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Looking At Cycles Through Gann

11/30/11 08:53:00 AM
by Koos van der Merwe

W.D. Gann left so much material behind when he died that nobody is quite sure what strategy he used to amass his fortune. Here is one strategy he may have used.

Security:   AMZN
Position:   Buy

Why do cycles work? What is there in the emotions of traders and investors that make them stick to trading at certain time periods? I can understand trading with a dividend-paying stock. You buy after the dividend has been paid, and you sell just before the final day to register for a dividend if the expected growth in the share price is greater than the dividend paid. That cycle is manmade, but cycles in general? Well, you simply have to look at the cycles of tides of the ocean. We all know where that comes from.

Graphic provided by: AdvancedGET.
Gann himself, however, looked at cycles as a circle of 360 degrees, or time periods. He would divide the 360 into periods of 11, 22, 33, 45, 56, 67, 78, 90, 135, 180, and so on. The divisions are shown on Figure 1. He placed great emphasis on the time periods of 45, 90, and 180, and he regarded the period 90 to 101 as the "death zone," when the stock falls dramatically.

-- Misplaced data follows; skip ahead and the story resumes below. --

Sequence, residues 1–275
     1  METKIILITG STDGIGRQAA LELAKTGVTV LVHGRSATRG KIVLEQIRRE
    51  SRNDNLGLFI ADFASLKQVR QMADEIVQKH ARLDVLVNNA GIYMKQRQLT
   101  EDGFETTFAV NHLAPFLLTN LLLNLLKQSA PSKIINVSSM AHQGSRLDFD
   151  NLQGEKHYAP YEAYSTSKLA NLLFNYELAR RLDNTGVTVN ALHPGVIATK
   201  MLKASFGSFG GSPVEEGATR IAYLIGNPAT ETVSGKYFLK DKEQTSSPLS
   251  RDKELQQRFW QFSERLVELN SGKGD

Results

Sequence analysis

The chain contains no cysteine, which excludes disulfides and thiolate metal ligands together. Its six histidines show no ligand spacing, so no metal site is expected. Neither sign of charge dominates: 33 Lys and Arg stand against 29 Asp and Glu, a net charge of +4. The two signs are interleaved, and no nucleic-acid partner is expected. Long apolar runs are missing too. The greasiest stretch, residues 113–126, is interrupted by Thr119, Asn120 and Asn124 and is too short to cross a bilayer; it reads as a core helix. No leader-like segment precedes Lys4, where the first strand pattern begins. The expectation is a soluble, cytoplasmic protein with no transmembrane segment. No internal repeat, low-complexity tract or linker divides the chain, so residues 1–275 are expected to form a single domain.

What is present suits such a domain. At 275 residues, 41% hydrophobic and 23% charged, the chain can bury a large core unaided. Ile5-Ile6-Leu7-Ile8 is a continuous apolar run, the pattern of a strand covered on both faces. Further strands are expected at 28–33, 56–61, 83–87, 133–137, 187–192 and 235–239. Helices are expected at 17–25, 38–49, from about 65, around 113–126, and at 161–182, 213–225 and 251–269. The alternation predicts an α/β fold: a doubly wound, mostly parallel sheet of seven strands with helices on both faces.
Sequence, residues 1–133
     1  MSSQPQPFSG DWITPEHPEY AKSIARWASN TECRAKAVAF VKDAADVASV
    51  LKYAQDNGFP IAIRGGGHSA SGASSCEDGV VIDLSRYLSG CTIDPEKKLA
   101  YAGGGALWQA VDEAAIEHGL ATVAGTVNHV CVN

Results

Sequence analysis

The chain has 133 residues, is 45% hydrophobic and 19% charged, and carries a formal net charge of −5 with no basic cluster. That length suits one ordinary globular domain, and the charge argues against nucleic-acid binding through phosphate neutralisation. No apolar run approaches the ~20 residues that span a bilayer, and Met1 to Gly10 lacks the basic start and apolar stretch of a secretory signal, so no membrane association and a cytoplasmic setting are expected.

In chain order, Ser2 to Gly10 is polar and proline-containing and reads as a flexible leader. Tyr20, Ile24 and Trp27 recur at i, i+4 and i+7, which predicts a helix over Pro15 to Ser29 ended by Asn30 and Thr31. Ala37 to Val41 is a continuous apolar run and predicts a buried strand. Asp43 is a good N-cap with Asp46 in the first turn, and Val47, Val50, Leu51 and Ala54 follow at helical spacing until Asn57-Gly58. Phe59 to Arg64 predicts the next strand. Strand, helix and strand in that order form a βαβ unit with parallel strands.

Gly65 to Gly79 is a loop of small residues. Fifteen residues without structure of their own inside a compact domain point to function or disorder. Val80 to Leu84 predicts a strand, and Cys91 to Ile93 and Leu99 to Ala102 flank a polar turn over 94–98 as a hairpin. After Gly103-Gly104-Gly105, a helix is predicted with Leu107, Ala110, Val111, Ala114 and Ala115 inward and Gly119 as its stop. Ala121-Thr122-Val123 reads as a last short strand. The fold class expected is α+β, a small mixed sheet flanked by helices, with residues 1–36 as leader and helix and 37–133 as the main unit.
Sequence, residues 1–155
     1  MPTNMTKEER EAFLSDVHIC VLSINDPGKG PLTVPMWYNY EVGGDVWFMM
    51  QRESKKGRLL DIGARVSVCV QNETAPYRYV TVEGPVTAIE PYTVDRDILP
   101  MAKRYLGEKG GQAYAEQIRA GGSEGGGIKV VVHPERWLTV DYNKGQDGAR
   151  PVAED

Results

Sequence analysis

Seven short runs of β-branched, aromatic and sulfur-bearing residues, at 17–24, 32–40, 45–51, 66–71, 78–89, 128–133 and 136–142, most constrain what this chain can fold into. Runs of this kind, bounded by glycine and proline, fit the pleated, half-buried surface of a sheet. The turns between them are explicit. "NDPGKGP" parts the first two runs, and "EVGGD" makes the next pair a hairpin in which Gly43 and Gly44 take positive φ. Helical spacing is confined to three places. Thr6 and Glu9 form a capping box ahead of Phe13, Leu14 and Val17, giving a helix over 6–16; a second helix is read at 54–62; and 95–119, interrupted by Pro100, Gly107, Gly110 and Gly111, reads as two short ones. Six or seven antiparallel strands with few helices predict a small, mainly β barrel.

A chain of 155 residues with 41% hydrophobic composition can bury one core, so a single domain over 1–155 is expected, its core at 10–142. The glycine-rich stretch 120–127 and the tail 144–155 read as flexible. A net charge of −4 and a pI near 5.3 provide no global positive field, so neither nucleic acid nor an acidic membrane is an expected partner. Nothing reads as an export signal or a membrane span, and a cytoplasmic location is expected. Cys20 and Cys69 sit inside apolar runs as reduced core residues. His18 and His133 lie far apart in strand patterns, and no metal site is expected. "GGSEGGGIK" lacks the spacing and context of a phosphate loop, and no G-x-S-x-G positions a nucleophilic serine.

Here, Amazon (AMZN) shows how the share price rose from June 29, 2010, to the high on October 12, 2011. I have drawn in Gann time cycles, and the chart shows the major turning points at the 45, 90, and 180 levels. The death zone also shows a fall in the share price in August and September 2011, with the share price falling in the 112 time level.

Simply by looking at the chart, we can see how often turning points in the share price occurred at or close to cyclical turning points. Note too the buy sell signals of the relative strength index (RSI). What's up for the future?

Graphic provided by: AdvancedGET.
In Figure 2, I have enlarged the chart. This shows that at the 360 time mark of November 30, 2011, Amazon should make a major bottom, and start rising into December 15, the 11-cycle period. Future turning points are at December 30, 2011, and January 16, 2012, with a major turning point at February 1, 2012.

Do note the RSI is suggesting a major buy.

Gann cycles can be used as a guide to buying and selling shares, especially when combined with an indicator.

Koos van der Merwe

Has been a technical analyst since 1969, and has worked as a futures and options trader with First Financial Futures in Johannesburg, South Africa.

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